Feasibility and Impact of a Guided Symptom Exposure Augmented Cognitive Behavior Therapy Protocol to Prevent Symptoms of Pharmacologically Induced Depression: A Pilot Study

Publication Date


Journal Title

Cog Ther Res


© 2019, Springer Science+Business Media, LLC, part of Springer Nature. Depression is the leading cause of disability and a major cause of morbidity worldwide, with societal costs now upwards of 1 trillion dollars across the globe. Hence, extending current efforts to augment prevention outcomes is consistent with global public health interests. Although many prevention programs have been developed and have demonstrated efficacy, studies have yet to demonstrate that CBT is effective in preventing symptoms in populations at risk for developing depression induced by pharmacological substances. Using a randomized, controlled design, this pilot study reports on the feasibility and preliminary effects of a novel, guided symptom exposure augmented cognitive behavioral prevention intervention (GSE-CBT) in a sample diagnosed with Hepatitis C at risk for developing medication induced depression. Results demonstrated that the guided symptom exposure augmented CBT (GSE-CBT) was feasible in this population and was delivered with high integrity. Although not statistically different, we observed a pattern of lower depression levels in the GSE-CBT group versus those in the control group throughout. This pilot study demonstrates that a psychosocial prevention intervention is feasible for use in patients at risk for developing pharmacologically induced depression and that a guided symptom exposure augmented CBT protocol has the potential to prevent symptoms of depression that develop as a side effect to taking these medications. Results are preliminary and future studies should use larger samples and test the intervention in other populations.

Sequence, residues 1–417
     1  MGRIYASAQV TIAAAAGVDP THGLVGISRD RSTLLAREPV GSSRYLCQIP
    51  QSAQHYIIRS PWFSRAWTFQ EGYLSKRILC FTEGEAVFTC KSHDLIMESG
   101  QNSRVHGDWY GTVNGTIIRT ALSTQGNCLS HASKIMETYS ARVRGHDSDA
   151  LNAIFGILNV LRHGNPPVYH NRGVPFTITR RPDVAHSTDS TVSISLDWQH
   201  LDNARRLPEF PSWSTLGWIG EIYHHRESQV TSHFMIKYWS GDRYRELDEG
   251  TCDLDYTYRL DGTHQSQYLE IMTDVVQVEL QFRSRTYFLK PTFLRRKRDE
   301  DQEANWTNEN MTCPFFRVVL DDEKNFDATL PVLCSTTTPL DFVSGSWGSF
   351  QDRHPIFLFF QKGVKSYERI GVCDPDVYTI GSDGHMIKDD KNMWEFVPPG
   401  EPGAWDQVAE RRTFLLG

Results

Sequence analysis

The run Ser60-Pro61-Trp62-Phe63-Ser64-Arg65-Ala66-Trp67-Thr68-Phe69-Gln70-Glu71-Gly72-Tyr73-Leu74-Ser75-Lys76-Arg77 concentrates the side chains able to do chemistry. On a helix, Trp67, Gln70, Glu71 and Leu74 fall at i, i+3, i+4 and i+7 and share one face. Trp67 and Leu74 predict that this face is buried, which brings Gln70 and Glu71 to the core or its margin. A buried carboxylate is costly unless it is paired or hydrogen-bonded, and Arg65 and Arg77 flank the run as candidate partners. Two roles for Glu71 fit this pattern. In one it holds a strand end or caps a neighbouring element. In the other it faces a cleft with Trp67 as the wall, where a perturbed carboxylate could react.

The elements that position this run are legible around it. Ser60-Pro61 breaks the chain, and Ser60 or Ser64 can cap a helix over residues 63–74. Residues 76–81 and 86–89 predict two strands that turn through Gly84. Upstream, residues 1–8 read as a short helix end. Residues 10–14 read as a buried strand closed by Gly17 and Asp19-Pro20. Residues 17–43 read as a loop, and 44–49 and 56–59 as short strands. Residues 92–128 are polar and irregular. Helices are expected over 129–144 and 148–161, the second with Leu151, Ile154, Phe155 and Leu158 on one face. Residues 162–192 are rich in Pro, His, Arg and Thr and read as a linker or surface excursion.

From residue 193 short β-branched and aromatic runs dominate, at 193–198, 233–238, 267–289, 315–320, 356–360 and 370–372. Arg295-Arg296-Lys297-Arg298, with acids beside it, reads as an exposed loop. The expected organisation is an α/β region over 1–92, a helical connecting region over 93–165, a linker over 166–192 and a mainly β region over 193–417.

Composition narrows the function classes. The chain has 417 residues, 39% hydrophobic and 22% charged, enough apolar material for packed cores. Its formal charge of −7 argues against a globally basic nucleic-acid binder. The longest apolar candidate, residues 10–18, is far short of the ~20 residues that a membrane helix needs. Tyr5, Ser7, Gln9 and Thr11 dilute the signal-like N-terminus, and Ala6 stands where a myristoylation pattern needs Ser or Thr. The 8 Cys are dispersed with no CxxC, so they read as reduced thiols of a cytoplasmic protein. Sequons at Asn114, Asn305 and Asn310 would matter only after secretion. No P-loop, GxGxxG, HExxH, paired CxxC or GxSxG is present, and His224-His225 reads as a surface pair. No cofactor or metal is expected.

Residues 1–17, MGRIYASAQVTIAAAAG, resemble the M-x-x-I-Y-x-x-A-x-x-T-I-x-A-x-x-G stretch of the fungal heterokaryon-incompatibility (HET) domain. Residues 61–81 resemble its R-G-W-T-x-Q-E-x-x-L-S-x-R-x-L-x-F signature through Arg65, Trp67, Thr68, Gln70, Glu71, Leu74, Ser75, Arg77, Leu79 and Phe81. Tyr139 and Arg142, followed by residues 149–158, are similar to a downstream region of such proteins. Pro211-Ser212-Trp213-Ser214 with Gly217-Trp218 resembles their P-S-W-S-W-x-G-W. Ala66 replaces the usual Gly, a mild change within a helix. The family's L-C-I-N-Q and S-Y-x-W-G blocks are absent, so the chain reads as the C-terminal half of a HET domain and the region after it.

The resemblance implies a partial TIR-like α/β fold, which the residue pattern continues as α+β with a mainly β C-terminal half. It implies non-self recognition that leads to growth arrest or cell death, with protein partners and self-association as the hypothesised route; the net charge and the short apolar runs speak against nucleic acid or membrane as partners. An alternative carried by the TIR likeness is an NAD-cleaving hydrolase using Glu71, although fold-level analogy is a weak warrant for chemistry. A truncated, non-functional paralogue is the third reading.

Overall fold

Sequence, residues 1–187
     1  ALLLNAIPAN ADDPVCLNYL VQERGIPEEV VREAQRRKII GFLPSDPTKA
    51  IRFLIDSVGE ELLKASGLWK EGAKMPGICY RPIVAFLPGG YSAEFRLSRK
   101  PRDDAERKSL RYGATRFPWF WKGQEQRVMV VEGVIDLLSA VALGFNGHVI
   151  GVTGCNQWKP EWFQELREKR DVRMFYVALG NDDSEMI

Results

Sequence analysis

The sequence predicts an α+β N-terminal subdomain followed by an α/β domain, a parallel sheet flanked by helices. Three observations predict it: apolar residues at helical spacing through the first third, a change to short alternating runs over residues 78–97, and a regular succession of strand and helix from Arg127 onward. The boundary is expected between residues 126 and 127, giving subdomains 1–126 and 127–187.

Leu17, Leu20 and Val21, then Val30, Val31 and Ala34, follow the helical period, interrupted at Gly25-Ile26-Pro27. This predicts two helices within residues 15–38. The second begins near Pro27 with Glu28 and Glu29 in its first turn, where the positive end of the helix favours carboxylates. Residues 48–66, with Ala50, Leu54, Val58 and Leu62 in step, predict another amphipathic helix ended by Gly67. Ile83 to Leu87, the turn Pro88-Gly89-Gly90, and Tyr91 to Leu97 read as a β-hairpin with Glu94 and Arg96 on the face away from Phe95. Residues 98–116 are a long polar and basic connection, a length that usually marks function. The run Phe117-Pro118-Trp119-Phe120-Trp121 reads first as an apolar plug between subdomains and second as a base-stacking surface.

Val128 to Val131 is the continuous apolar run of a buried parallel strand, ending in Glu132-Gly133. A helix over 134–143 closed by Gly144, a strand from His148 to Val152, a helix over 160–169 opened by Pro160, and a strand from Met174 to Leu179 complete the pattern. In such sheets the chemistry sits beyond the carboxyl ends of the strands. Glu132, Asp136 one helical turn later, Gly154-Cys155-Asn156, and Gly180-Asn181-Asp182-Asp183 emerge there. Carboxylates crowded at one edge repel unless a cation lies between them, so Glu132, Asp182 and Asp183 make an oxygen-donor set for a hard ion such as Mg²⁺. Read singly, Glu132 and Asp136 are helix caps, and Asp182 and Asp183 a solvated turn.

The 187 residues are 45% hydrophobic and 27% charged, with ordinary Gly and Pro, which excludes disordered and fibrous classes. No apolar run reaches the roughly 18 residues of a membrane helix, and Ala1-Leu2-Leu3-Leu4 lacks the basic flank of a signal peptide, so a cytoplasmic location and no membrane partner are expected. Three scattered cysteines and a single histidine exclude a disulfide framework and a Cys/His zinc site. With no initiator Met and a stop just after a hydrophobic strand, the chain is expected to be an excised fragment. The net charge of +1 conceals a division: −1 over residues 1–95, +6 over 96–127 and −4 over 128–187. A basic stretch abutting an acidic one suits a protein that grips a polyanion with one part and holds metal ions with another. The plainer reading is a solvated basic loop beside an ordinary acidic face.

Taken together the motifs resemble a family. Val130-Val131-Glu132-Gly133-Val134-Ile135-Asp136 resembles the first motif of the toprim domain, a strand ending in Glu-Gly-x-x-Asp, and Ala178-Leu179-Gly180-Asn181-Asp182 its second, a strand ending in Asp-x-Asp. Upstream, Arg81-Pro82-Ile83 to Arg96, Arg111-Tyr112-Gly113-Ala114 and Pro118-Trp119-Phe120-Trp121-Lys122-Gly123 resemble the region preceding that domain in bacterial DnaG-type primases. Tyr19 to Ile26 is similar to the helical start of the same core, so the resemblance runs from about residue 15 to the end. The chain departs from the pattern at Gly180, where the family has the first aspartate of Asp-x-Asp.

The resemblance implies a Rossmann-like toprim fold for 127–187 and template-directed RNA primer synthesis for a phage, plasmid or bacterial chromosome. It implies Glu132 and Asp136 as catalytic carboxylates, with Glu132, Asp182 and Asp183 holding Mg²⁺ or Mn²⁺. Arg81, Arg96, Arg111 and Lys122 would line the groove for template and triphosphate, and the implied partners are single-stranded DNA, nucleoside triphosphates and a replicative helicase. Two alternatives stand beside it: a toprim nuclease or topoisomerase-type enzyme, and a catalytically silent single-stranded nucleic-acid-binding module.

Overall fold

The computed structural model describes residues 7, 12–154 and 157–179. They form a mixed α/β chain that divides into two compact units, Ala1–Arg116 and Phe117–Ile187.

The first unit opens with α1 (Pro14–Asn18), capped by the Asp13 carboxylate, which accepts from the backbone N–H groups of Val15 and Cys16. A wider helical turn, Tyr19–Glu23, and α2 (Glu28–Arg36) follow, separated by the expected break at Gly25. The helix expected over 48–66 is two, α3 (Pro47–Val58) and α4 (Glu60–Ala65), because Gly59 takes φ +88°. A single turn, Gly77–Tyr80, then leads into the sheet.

Volume Number


Issue Number



679 - 692

Document Type





School of Medicine

Primary Department

General Internal Medicine

Additional Departments




For the public and Northwell Health campuses